Posted in City Council, desalination, Environment, Green Living, Huntington Beach, water, tagged Build it Green, Central Park, economy, green, Huntington Beach, infrastructure, interview, Keith Bohr, Kettler school, Larry Agran, LEEDS, Makar, Poseidon, senior center, water, water privatization on May 21, 2009|
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Note: This is another segment of an interview with Huntington Beach mayor Keith Bohr, conducted in November, 2008.
Water Conservation in Huntington Beach.
Q: What are some specific things we can do in Huntington Beach to conserve water?
Mayor Keith Bohr, Huntington Beach, California
Well you start with education before you make it a law. Don’t water down your driveways, sweep them. Do your sprinklers every other day. Only do them for five minutes.
People already know that. Right? They’ve been educated about that.
There’s still room for a ton of improvement. I’m trying to educate my gardener still. It’s a constant battle. What they’re doing with groundwater replenishment, that’s huge. A huge expense and I think it’s been well worth it. Don’t go make it salt water and try to desal it. Let’s capture it early. Put it in, let it filter itself through the whole normal process basically. I say do all three prongs. But then as we get closer, mandatory; it’s the law, you get fines if you get caught watering your driveway down. If you have a swimming pool like I do you can’t change that water but once every five years. You end up going on a shared water system and you get punished like on an electric bill.
Do you think there’s any chance of getting that passed on this new city council?
I would like to maximize the education and figure out how the gap relates on those tiers, like how many kids and people are in your household. You have to do several things to hit different baselines. If you have six kids obviously you should use more water than somebody who has no kids…When I lived in a condo for 15 years I had an electric bill of $15. Then I moved into a house where’s it’s several hundred and I go `holy schmoley, what’s going on?’ I went to fluorescents. So you pay attention. So the tier system would help incentify that, right? You think that water’s cheap. It is. You think of water, it’s something that’s so fragile and so scarce, it is…So it makes you wonder why it isn’t already more incentified. So I think that one of the things that we absolutely are going to. I don’t know if that’s going to happen on our term or not, but we need to start looking at that, absolutely. (more…)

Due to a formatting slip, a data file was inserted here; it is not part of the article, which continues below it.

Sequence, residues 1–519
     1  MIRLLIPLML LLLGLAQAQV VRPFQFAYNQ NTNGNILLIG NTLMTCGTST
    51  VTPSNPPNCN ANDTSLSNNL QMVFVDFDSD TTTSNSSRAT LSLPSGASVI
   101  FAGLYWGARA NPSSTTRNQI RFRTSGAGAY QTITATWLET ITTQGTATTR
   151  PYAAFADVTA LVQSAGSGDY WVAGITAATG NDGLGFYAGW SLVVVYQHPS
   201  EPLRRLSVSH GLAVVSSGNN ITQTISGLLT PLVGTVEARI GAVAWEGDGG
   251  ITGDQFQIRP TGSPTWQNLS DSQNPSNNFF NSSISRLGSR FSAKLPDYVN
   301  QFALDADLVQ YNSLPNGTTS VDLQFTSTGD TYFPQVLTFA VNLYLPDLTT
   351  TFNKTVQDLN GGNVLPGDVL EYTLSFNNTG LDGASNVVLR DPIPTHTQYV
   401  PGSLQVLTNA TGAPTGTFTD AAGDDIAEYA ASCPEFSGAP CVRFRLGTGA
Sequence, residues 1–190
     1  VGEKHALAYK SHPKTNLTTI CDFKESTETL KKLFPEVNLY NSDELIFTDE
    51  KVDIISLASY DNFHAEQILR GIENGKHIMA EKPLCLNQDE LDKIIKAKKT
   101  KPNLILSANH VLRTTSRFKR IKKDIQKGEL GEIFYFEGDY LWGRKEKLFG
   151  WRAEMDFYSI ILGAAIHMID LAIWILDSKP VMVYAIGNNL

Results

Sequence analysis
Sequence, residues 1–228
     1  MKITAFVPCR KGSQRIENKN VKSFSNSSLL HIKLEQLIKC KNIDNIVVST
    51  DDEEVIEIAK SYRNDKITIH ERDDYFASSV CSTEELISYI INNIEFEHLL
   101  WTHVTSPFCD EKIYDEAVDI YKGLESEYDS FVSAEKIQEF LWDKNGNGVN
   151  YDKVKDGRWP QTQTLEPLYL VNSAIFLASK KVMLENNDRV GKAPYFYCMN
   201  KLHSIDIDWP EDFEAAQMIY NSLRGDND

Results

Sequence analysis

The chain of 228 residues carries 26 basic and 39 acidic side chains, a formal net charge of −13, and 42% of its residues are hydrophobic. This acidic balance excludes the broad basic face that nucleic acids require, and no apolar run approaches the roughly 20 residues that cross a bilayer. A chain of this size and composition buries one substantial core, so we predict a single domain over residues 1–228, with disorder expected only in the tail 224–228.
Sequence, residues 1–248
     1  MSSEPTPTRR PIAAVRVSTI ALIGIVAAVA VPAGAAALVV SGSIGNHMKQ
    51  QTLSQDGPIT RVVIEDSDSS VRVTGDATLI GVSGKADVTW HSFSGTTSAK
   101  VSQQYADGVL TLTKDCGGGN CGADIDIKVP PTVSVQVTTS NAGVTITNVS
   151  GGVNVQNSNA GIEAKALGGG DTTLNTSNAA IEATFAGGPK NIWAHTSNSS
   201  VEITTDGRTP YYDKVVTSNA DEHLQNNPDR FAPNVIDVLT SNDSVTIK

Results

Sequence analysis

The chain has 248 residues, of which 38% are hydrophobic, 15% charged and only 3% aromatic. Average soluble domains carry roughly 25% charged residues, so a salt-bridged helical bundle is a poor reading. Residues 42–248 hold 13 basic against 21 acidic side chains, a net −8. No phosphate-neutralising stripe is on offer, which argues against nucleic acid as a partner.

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Posted in Environment, Huntington Beach, tagged Alex Wong, Bella Terra, Build it Green, Christian, density, ethics, God, Huntington Beach, Jesus, Red Oaks Investments, redevelopment, Ripcurl on November 10, 2008|
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Editor’s note: Late Monday night the Huntington Beach City Council passed the Ripcurl project with modifications, including a 385 unit limit as proposed by city staff for the 3.8 acre site, with 50 percent on site affordable housing provided for moderate income levels (50 percent low income housing provided off site) and improved pedestrian walkways. The vote was 6-1 with Councilmember Jill Hardy voting no. The OC Voice will publish more details soon on this blog and in its next print edition on Nov. 24.
By Thu-Trang Tran
OC Voice Staff Writer
(Nov. 10, 2008 at 4 p.m.)
With Him in charge, how bad could it be?
Jesus may have been a carpenter, but would he build a “green” high-density and mixed-use development of luxury apartments and hep boutiques on Gothard Avenue and Center Street across from Golden West College?
Red Oak Investments, seeking “To serve God in the marketplace,” according to company literature, will ask the Huntington Beach City Council tonight for permission to build the project, which it calls Ripcurl, heralding a radical new approach toward redevelopment in the city.
Ripcurl was previously approved by the planning commission but with 87 apartment units per acre on the 3.8-acre property, or 330 units total. Red Oaks wants 440 units per acre. Residential density is typically 15 units per acre but often goes over 35 units and sometimes as high as 50 units per acre at specific locations throughout the city.
The strongest advocates of change that Ripcurl represents are city planners and developers. They have been swept away by the “green” philosophy of New Urbanism, a more centralized approach to community planing that allows much higher population densities and mixes commercial with residential living in order to save space and cut down on automobile commutes. (more…)
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